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United States Patent 9,584,542
Kim ,   et al. February 28, 2017

Relay attack countermeasure system

Abstract

An apparatus for preventing a relay attack that includes a microcontroller, a receiver, and a transmitter. The receiver is configured to receive a challenge message from a verifier. The challenge message has a challenge message frequency at a first challenge message frequency during a first time slot. The transmitter is configured to transmit a response message to the verifier. The response message has a response message frequency at a first response message frequency during the first time slot. The first response message frequency is different than the first challenge message frequency. The challenge message frequency is at a second challenge message frequency and the response message frequency is at a second response message frequency during a second time slit. The second challenge message frequency is different than the second response message frequency.


Inventors: Kim; Hun-Seok (Ann Harbor, MI), Dabak; Anand Ganesh (Plano, TX), Ren; Jing-Fei (Plano, TX), Goel; Manish (Plano, TX)
Applicant:
Name City State Country Type

TEXAS INSTRUMENTS INCORPORATED

Dallas

TX

US
Assignee: TEXAS INSTRUMENTS INCORPORATED (Dallas, TX)
Family ID: 1000002433141
Appl. No.: 14/614,038
Filed: February 4, 2015


Prior Publication Data

Document IdentifierPublication Date
US 20150222658 A1Aug 6, 2015

Related U.S. Patent Documents

Application NumberFiling DatePatent NumberIssue Date
61935577Feb 4, 2014

Current U.S. Class: 1/1
Current CPC Class: H04L 63/1466 (20130101); H04L 9/3271 (20130101); H04W 12/12 (20130101); H04L 67/12 (20130101); H04L 2209/805 (20130101)
Current International Class: H04L 29/06 (20060101); H04L 9/32 (20060101); H04L 29/08 (20060101); H04W 12/12 (20090101)
Field of Search: ;726/2,6,7,22 ;713/161,168,192 ;340/5.72,426.18,426.24

References Cited [Referenced By]

U.S. Patent Documents
5805056 September 1998 Mueller
7420455 September 2008 Nowottnick
2002/0078350 June 2002 Sandhu
2010/0321154 December 2010 Ghabra
2013/0271273 October 2013 Oesterling
2015/0074805 March 2015 Choi

Other References

"Practical NFC Peer-to-Peer Relay Attack using Mobile Phones"--Francis et al, Royal Holloway University of London, Jun. 2010 https://eprint.iacr.org/2010/228.pdf. cited by examiner.

Primary Examiner: Scott; Randy
Attorney, Agent or Firm: Pessetto; John R. Brill; Charles A. Cimino; Frank D.

Parent Case Text



CROSS-REFERENCE TO RELATED APPLICATIONS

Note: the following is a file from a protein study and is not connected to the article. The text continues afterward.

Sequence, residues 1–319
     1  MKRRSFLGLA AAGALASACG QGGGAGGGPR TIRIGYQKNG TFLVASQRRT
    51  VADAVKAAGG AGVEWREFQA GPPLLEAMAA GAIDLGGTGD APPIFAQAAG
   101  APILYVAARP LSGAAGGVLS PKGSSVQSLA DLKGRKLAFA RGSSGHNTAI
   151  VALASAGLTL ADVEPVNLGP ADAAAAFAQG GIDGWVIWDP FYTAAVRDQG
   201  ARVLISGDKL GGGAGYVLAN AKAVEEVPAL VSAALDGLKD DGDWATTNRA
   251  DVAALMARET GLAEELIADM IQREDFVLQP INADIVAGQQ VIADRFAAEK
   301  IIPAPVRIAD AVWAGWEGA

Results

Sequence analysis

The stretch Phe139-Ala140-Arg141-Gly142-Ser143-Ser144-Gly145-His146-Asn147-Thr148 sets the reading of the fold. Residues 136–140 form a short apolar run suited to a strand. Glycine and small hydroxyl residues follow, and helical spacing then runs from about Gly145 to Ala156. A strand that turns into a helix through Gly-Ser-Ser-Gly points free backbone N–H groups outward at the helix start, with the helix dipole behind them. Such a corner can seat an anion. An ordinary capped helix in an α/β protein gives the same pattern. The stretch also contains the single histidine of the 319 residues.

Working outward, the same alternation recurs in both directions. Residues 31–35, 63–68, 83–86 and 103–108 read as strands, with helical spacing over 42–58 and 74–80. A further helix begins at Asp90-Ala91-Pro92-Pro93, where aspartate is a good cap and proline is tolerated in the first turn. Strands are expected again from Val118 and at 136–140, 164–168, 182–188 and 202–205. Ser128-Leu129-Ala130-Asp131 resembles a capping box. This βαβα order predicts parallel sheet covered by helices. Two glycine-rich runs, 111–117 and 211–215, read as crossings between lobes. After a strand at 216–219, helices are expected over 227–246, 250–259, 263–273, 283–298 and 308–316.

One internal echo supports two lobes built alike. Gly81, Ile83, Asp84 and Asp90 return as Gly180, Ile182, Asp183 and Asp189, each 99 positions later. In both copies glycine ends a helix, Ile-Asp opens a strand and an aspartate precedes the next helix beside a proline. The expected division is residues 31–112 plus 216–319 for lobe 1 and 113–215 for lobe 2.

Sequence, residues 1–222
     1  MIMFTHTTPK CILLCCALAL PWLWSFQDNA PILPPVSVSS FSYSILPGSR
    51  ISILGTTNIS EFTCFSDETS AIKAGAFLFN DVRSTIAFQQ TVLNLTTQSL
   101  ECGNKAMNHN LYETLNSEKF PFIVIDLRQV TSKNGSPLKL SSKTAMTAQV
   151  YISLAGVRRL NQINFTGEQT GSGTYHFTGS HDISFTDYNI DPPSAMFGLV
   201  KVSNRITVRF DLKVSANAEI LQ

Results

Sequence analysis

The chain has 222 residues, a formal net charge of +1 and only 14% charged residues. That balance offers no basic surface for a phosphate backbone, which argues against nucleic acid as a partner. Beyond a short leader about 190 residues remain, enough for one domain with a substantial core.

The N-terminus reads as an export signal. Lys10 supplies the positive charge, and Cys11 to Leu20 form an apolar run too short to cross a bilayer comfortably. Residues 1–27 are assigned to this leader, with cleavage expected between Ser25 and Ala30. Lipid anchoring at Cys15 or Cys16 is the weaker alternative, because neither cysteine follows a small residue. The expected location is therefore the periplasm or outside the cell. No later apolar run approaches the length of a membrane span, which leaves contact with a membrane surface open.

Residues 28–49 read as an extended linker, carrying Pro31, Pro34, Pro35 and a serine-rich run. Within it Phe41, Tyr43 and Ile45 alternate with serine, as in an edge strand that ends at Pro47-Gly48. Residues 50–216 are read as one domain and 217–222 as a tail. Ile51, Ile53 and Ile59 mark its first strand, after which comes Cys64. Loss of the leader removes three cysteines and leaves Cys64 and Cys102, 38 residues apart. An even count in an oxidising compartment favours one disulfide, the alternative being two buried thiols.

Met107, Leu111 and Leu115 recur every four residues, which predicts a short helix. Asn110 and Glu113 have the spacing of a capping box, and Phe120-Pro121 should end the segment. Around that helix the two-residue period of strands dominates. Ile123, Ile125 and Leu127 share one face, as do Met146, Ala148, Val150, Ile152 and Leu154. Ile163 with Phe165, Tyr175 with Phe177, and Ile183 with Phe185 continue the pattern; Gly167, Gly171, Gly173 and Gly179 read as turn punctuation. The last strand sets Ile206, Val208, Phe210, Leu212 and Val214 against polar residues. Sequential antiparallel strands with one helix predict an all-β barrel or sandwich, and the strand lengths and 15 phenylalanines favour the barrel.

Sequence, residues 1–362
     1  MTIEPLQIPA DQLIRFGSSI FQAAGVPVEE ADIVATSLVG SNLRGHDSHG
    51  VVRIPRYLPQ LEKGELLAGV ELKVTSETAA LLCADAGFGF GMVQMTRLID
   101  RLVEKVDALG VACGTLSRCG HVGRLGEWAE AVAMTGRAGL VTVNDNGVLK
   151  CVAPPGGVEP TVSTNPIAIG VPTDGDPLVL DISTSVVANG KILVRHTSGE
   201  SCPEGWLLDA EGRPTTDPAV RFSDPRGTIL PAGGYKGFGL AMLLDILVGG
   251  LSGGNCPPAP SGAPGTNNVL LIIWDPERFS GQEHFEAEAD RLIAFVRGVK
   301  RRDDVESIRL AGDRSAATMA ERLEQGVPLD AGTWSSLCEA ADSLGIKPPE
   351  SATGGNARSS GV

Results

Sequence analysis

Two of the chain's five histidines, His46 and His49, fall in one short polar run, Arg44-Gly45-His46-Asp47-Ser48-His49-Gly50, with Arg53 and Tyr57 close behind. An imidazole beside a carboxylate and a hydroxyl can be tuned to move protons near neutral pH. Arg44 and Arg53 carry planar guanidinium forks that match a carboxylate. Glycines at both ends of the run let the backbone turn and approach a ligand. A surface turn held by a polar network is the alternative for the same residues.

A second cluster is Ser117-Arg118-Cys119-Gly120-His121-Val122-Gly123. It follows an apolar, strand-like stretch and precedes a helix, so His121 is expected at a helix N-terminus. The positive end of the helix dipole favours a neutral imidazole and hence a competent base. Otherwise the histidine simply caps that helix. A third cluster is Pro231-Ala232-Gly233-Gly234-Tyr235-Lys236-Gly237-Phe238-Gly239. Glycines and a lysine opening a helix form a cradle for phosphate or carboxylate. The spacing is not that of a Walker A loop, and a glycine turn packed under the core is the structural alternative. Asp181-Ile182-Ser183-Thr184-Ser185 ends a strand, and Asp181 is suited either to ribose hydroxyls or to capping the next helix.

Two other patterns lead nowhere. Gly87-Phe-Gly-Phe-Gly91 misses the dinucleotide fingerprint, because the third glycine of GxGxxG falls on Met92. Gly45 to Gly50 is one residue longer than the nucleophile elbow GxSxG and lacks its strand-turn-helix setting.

The present application claims priority to U.S. Provisional Patent Application No. 61/935,577, filed Feb. 4, 2014, titled "THE RANDOMIZED PHYSICAL LAYER RADIO AS A COUNTERMEASURE AGAINST RELAY ATTACKS," which is hereby incorporated herein by reference in its entirety.
Claims



What is claimed is:

1. An apparatus for reducing the probability of a relay attack, comprising: a microcontroller; a receiver wherein the receiver receives a challenge message from a verifier, the challenge message having a challenge message frequency at a first challenge message frequency during a first time slot; and a transmitter wherein the transmitter transmits a response message to the verifier, the response message having a response message frequency at a first response message frequency during the first time slot, the first response message frequency being different than the first challenge message frequency; wherein the probability of the relay attack is reduced as a result of the first response message frequency being different than the first challenge message frequency; wherein the challenge message frequency is at a second challenge message frequency and the response message frequency is at a second response message frequency during a second time slot, the second challenge message frequency being different than the second response message frequency; wherein the probability of the relay attack is reduced as a result of the second response message frequency being different than the second challenge message frequency; wherein the frequencies at which the response messages are sent are negotiated between the verifier and the transmitter prior to the first time slot; and wherein the time slots when the response messages are sent are negotiated between the verifier and the transmitter prior to the first time slot.

2. The apparatus of claim 1, wherein the first time slot has a duration that is different than a duration for the second time slot.

3. The apparatus of claim 1, wherein the challenge message is received from the verifier continuously during the first time slot and the response message is transmitted continuously during the first time slot.

4. The apparatus of claim 1, wherein the first and second challenge message frequencies and the first and second response message frequencies are negotiated with the verifier using encrypted messages.

5. The apparatus of claim 1, wherein the verifier comprises a vehicle.

6. An apparatus for reducing the probability of a relay attack, comprising: a microcontroller; a receiver wherein the receiver receives, during a first time slot and a third time slot, a challenge message from a verifier at a first frequency; and a transmitter wherein the transmitter transmits, during a second time slot, a response message to the verifier at the first frequency; wherein each of the first, second, and third time slots have different durations; wherein the probability of the relay attack is reduced as a result of the first, second, and third time slots having different durations; and wherein the transmitter is further configured to transmit a noise signal during a fourth time slot; wherein the probability of the relay attack is reduced as a result of the transmitting noise during the fourth time slot.